Rabbi Alan Lew, 2003 in This is Real and You are Completely Unprepared.  

 

Published in: on September 1, 2010 at 7:40 pm  Comments (1)  

Bell: Few driving West Bank conflict (Rome News-Tribune, 04 Aug 2010, Page 3A)




Bell: Few driving West Bank conflict
By Doug Walker Associate Editor DWalker@RN-T.com
Rome News-Tribune
04 Aug 2010

Less than one-sixth of the population in the West Bank Palestinian territory is driving the fragile politics of the region. Berry College professor Steve Bell told members of the Seven Hills Rotary Club on Tuesday that the vast majority of West Bank…read more…
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Published in: on August 6, 2010 at 8:17 pm  Comments (3)  

Last data and a wish fulfilled

Saturday, April 17, 2010

This is the last entry which includes raw data taken from interviews and observations.

Yes, Benj, Analysis and order will be a project for this summer.

The work whirlwind. Last week, I wrote about winding down and winding up. The schedule for Friday,  the 16th is a typical example of  this last week’s “winding down.”  7:00 AM…breakfast with Farah, 8:00…meet with Director of Al-Basma Center…8:30 With the founders of Al-Malath society, meet with Occupational Therapy representative at University of Bethlehem, then discuss plans for the Center, …11:30 sit with Farah’s family for the taxi…12:30 leave Beit Sahour, West Bank, Palestine for the last time..arrive in Jerusalem at 1:00…debrief my Rotary Sponsor…3:00..tea with Yossi…6:30-12:00 Shabbat dinner with Seligman’s.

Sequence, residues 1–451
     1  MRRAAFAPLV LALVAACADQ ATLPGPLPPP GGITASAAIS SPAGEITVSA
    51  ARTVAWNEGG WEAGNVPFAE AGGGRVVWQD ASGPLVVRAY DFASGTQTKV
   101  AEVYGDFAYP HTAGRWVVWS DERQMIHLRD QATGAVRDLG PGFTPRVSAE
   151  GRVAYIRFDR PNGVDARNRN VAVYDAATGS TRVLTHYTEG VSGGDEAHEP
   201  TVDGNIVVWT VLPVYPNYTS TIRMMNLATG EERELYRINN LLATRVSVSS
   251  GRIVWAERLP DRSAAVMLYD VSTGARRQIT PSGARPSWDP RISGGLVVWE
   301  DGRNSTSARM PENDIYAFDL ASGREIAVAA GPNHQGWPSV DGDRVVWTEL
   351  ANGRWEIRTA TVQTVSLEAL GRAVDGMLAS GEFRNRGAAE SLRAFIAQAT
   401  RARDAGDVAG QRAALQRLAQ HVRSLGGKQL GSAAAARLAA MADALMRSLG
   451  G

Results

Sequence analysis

Day trip to Old City with David S. We visit the main symbols of each of the Abrahamic based faiths: The Western Wall (Kotel), The Temple Mount (Dome of Rock) and The Church of Holy Sepulcher. I learned (again) that often each succeeding culture, a) steals from the former, and b) tries their best to wipe the memory and message of the former: At the Dome of the Rock, Caliph Hakim steals from Omar; In Jerusalem, Arab street names are replaced by Jewish oriented ones; Mithra is born of a virgin on December 25th; Jewish National Fund trees are planted over Arab villages. Chicanery abounds: if all the so called pieces of the cross carried by Jesus were collected and reassembled it would weigh four tons. In the afternoon, I exeprience a sand storm of moderate dimensions!